I have no issues with the view that mounted crossbowmen were a more aggressive, close-combat-oriented "light heavy cavalry" type as opposed to a Western equivalent of Eastern horse archers. We have no end of evidence that mounted crossbowmen tended to be brigaded with heavier rather than lighter cavalry. An illustration in Benedict Tschachtlan's chronicle is perhaps the most explicit depiction of this, with a mixed force of mounted crossbowmen and light lancers deployed in loose array on the flank of a more closely-ordered formation of lance-armed men-at-arms.

The problem appears when we try to generalise this just a little bit too far and assume that foot crossbowmen must have been as "forward" and aggressive as their mounted cousins. Granted, if I was a medieval commander then I would have wanted to make sure that my infantry crossbowmen had at least some rudimentary training in the use of their backup hand-to-hand weapon (not just swords, since sometimes we see axes being carried in this role instead), and in minor skirmishes in confined spaces (woods, villages, city streets and houses) I would have liked them to be able to give a good account of themselves if they had to engage in hand-to-hand combat during brief surprise encounters. However, I wouldn't see the hand-to-hand weapon as part of their primary weapon package--not the way that the gladius and pila had equal primacy in the armament of the Roman legionary--and I would have wanted to keep my infantry crossbowmen as far away from hand-to-hand fighting in larger-scale encounters.
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Jan Bouckż




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PostPosted: Mon 30 Jul, 2012 6:50 am    Post subject:         Reply with quote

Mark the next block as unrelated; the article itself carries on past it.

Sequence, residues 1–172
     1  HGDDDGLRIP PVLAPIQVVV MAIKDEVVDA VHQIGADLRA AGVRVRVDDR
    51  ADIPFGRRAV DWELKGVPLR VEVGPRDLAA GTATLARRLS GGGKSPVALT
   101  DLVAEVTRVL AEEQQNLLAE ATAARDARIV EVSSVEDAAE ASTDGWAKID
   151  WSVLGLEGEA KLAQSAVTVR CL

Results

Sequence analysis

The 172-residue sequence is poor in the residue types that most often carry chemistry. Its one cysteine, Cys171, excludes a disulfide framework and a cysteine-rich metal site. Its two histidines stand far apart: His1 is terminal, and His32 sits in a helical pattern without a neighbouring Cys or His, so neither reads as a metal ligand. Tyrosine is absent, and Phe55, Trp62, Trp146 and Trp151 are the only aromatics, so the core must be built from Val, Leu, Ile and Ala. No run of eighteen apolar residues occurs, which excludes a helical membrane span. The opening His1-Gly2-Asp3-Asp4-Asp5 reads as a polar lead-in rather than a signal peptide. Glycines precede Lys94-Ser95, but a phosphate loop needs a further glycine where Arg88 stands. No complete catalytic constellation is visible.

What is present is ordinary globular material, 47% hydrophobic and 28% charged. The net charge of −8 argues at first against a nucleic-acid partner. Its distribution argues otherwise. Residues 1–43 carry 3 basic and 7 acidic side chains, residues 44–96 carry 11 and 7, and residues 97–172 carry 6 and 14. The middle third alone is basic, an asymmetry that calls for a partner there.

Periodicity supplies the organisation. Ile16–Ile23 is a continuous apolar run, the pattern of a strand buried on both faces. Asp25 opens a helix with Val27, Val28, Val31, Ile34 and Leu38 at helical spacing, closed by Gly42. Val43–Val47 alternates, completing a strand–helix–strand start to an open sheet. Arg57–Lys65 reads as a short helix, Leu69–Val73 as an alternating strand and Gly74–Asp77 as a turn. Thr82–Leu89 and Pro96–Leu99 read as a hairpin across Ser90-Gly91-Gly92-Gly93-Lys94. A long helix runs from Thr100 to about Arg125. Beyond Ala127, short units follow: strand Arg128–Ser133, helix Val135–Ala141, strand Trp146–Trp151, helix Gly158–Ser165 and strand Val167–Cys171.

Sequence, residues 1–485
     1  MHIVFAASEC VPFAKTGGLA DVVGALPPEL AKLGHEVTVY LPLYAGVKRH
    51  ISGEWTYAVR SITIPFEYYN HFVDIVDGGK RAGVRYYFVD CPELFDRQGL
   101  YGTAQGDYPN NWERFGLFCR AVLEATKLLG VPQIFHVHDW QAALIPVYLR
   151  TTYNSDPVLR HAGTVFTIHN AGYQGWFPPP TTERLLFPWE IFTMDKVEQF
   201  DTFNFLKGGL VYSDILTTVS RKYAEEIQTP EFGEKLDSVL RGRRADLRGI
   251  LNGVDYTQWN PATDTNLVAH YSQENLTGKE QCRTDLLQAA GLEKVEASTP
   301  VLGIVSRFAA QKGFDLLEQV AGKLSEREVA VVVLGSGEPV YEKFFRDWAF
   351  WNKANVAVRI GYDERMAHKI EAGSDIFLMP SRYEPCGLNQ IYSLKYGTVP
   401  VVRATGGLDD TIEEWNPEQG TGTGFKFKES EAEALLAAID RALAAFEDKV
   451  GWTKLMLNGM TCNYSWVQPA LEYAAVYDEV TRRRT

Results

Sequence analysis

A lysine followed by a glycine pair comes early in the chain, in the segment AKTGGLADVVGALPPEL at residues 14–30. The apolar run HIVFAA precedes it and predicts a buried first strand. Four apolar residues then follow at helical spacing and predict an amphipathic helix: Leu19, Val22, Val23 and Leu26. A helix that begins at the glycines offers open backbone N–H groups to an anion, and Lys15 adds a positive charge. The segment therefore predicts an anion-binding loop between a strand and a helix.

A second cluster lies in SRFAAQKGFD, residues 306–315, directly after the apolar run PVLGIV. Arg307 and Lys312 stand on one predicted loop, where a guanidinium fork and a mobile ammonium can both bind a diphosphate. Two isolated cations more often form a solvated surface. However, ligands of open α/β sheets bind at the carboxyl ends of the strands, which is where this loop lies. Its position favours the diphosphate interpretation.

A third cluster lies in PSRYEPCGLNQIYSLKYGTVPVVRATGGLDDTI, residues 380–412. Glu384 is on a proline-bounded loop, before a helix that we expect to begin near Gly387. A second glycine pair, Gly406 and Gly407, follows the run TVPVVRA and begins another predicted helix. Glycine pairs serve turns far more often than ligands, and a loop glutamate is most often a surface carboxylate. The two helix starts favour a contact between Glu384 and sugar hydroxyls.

Jean Henri Chandler wrote:
Similarly, I know that in Krakow they still had almost no guns as late as 1427, and after an encounter with some Hussites on a 'beautiful ride' the guilds decided to buy some, as well as some of the Czech style flails.

A town document from 1427 stated that the town council did a survey and only had 2 'hand boschen' in the town armoury, and none of the flails, so they allocated money to buy 87 new 'hand boschen' and 147 flails to add to the various tower arsenals.

This is from Urbrojenie w Polsce sredniowiecznej 1350-1450, Armaments in Medieval Poland 1350-140" Andrzej Nadolski, Polska Akademia Nauk, Instytut Historii Kultury Materialnej, (1990), pages 470 and 472 (in an English language commentary at the end of the book). Unfortunately it didn't say how many crossbows they had.

J
It is really very surprising, because first document about gun producers in Prague is from 1373 and in 1380-1400 gun powder weapons became widespread - Hussits of course started to use weapons from city armouries...perhaps Krakow burgers were very carefull with money..... Big Grin
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Jean Henri Chandler




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PostPosted: Mon 30 Jul, 2012 8:23 am    Post subject:         Reply with quote

Jan Bouckż wrote:
Jean Henri Chandler wrote:
Similarly, I know that in Krakow they still had almost no guns as late as 1427, and after an encounter with some Hussites on a 'beautiful ride' the guilds decided to buy some, as well as some of the Czech style flails.

A town document from 1427 stated that the town council did a survey and only had 2 'hand boschen' in the town armoury, and none of the flails, so they allocated money to buy 87 new 'hand boschen' and 147 flails to add to the various tower arsenals.